The KGB and the MVD had numerous predecessor organizations, dating back to the tsarist period. These organizations contributed significantly to the historical traditions of the modern Soviet police, which in several ways resembled those of its forerunners.
The 1980s Soviet police system cannot be properly understood without considering the evolution of the tsarist police, particularly as it related to Russia's political culture and governmental institutions. By the middle of the nineteenth century, Russia was, by all accounts, a "police state," not in the modern sense of the term, which connotes all the evils of Nazi Germany and Stalinism, but in the more traditional sense as it applied to certain European states in the eighteenth and early nineteenth centuries, e.g., France and Prussia. These states, which incorporated secret political police, spying, and encroachments on individual rights with both paternalism and enlightenment, were motivated by a desire to reform and modernize.
Russia's monarchical police state was similar to those in western Europe except that it lagged far behind in its political evolution and was much less efficient. The foundations of the tsarist police state were established in 1826, when Tsar Nicholas I formed the so-called Third Section, a political police whose purpose was to protect the state from internal subversion. The staff of the Third Section was small, numbering only forty fulltime employees, who were burdened with information-gathering and welfare functions that extended well beyond the realm of political surveillance. As a result, its role was vague and poorly defined, and its efforts to combat political dissent, on the whole, were ineffective.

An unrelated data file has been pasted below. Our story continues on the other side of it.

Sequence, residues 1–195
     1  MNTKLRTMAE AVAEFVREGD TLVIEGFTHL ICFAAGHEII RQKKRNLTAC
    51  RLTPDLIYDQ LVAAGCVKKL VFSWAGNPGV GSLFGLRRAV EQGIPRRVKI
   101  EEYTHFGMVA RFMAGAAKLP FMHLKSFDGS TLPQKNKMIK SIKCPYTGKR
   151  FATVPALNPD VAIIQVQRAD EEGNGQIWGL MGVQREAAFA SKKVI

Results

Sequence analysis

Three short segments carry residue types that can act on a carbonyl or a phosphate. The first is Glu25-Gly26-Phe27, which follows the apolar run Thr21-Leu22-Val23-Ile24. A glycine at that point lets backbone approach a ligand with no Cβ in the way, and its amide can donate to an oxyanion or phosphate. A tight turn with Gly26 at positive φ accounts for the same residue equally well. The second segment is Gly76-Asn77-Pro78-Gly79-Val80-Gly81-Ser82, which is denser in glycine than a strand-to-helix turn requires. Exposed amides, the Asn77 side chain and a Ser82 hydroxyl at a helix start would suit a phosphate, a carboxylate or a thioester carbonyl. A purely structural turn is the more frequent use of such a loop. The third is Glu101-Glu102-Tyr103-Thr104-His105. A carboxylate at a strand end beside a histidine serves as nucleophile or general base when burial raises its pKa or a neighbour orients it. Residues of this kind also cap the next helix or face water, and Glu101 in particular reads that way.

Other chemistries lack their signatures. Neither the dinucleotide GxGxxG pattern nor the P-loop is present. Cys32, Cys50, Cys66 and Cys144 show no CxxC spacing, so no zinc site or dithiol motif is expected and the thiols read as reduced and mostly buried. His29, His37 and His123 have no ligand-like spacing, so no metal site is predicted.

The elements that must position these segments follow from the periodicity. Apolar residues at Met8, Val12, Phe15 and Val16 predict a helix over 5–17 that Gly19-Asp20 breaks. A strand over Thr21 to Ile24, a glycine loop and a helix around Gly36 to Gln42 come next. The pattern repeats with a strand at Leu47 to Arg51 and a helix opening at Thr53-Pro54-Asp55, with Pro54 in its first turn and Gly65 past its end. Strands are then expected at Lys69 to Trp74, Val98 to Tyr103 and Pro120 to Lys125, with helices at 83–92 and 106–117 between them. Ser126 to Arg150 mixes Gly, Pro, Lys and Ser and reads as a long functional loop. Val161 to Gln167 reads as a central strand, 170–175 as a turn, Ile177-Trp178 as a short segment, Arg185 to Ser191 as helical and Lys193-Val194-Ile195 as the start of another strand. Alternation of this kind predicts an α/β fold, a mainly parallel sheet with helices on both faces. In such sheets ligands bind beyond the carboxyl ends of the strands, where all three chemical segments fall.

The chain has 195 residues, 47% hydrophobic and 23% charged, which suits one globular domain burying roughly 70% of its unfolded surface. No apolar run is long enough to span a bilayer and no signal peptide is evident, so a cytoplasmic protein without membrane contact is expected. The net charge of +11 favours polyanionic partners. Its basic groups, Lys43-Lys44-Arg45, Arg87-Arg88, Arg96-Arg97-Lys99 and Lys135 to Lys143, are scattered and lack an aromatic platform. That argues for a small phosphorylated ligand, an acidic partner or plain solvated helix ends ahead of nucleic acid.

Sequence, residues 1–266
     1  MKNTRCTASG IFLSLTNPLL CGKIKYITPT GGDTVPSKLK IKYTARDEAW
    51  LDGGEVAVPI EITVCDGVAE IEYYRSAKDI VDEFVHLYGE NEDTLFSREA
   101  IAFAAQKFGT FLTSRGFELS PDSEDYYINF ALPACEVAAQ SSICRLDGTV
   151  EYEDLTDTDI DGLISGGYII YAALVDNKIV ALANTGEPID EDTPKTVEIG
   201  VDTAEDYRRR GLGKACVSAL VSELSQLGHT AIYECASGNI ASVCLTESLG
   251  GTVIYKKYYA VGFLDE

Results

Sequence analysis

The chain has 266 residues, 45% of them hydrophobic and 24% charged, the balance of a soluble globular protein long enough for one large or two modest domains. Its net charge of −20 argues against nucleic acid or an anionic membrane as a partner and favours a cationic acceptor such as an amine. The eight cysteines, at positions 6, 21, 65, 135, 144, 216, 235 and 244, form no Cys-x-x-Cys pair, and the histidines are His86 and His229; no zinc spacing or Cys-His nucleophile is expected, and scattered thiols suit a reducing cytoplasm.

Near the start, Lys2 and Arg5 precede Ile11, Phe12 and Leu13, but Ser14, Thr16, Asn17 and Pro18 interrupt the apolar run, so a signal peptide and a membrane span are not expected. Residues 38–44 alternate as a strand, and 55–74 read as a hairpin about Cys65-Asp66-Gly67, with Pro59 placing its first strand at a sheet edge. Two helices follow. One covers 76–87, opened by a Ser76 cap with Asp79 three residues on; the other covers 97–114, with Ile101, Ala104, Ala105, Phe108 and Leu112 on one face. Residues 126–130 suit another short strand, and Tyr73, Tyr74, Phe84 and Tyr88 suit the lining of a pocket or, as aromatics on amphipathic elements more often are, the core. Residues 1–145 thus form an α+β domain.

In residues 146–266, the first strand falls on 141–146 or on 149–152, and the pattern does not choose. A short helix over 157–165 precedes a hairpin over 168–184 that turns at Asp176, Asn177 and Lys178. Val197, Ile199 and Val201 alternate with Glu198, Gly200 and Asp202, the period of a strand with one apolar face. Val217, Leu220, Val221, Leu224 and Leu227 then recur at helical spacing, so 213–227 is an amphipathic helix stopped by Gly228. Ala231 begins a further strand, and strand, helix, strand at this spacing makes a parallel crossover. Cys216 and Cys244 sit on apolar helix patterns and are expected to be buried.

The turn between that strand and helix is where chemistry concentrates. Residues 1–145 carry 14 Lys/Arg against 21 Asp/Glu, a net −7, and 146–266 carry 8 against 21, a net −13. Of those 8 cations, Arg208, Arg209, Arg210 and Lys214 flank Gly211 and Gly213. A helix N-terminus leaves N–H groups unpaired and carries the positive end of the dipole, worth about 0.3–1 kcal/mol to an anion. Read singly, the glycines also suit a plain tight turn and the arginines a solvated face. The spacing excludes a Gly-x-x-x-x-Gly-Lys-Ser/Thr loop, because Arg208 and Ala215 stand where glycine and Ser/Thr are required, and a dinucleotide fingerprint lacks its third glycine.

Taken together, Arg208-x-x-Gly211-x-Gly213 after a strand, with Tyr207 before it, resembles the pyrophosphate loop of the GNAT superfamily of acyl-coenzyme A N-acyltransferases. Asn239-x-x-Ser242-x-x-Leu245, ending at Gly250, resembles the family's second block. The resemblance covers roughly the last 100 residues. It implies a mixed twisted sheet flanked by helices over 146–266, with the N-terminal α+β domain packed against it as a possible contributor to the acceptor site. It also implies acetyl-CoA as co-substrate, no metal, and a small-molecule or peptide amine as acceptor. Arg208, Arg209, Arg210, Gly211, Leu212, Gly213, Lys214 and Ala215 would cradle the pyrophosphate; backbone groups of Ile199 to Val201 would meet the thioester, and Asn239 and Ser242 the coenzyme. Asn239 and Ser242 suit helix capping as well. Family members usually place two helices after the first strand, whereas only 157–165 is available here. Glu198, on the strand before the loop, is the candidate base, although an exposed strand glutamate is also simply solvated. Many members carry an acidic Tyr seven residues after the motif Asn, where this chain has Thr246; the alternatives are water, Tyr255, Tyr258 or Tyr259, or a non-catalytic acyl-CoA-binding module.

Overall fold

In 1880, as part of an effort to improve the effectiveness of the political police, the much-discredited Third Section was abolished and replaced by the central State Police Department under the Ministry of the Interior. Its chief responsibility was dealing with political crimes, and, although its staff consisted of only 161 full-time employees, it had at its disposal the Corps of Gendarmes, numbering several thousand, and a large contingent of informers. In addition, the notorious "security sections" were established in several Russian cities following the assassination of Alexander II in 1881. Despite the fact that its operations were strengthened, the political police was not successful in stemming the tide of the revolutionary movement, which helped to bring down the Russian monarchy in 1917. Police operations were hampered by the low quality of personnel and grave deficiencies in training. One of the greatest impediments to an effective political police was the general reluctance on the part of the Russian state to use violence against political dissenters. Herein lies one of the crucial differences between the monarchical police state of tsarist Russia and the Soviet regime, which from the outset used violence to preserve its rule and gradually extended the violence to affect broad segments of the population.
Data as of May 1989